DALLAS -- After two years of talk, Texas may soon take its first major step toward starting a controversial school bond bank program by hiring a financial adviser.
The Texas Bond Review Board could decide at its Thursday meeting which of the eight applicants it will hire to help structure the $750 million program.
"We may try to decide Thursday," said Wardeleen Belvin, special assistant to Lieut. Gov. Bob Bullock, who sits on the five-person board, "if not then, I don't think it will be delayed more than a month."
One of the advier's first jobs will be to help structure the bond bank so that many of the state's 1,054 districts will want to use it for capital financing.
Who will use the program has been the most perplexing question for the state and the most worrisome issue for Texas-based brokerages that believe a bond bank has few benefits to offer districts now able to sell their bonds with a cost-free triple-A rating secured by the state's Permanent School Fund.
"It's hard to envision how a pool program is going to sell at a better rate than most schools can get on their own today," said Dale Henderson, manager of public finance at Rauscher Pierce Refsnes Inc. in Dallas.
Tom Masterson, chairman of Masterson Moreland Sauer Whisman Inc. in Houston, added, "If it's the best thing for school districts, we will support it. If it's not, we won't."
Regional firms have an undeniable self-interest in seeing the program fail since many of them are financial advisers to districts that might not need their services if pool financing was available.
But the Texas-based firms say they can make an economic argument against the program. The reason: Schools might achieve cheaper financing because of the guaranteed triple-A rating and the bank-qualified privilege that smaller issuers have.
State officials know the bond bank may have little if any savings to offer schools unless the pool-financed program can offer the same guarantees. The state therefore expects to soon name its financial adviser to examine what kind of program it can market.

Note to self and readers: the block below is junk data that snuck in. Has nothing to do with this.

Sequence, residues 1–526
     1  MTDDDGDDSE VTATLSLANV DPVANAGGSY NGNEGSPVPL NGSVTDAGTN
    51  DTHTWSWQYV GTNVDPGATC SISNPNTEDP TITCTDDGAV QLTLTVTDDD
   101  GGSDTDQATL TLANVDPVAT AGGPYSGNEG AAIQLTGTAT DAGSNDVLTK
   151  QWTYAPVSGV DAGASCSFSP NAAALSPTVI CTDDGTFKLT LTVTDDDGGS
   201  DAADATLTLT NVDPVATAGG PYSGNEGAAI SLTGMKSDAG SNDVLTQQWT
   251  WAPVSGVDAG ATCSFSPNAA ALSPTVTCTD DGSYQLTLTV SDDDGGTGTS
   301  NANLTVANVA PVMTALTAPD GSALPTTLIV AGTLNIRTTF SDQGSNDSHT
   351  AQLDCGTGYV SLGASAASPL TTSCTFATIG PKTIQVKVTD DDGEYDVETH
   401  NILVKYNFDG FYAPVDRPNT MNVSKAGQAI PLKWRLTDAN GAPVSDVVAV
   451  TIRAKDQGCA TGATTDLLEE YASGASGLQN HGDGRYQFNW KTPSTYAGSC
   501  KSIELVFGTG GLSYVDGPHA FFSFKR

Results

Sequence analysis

"There's no point in having a program if it's not going to be attractive," said Ms. Belvin. "The financial adviser will tell us what kind of program the districts might use."
Last week, state officials interviewed the applicants. They were quizzed on their experience with pool programs -- never widely used in Texas -- and their views on the bond bank program.
Of the eight, only first Southwest Co. of Dallas is Texas-based. The others range from the well-known to the unknown and include Alex. Brown & Sons Inc. of Baltimore; Artemis Capital Group Inc. of New York; Clayton Brown & Associates Inc. of Chicago; Doley Securities Inc. of New Orleans; Evensen Dodge Inc. of Minneapolis; Lazard Freres & co. of New York; and John Nuveen & Co. of Chicago.
Many in the Texas industry were surprised to learn that First Southwest had applied for a program shunned by other regional firms. First Southwest, which is one of the top financial advisers nationally, changed ownership earlier this month.
However, Tom Luce, the new chairman of the firm, said the bid does not indicate a change in client focus by the firm--which has advised scores of school districts for decades.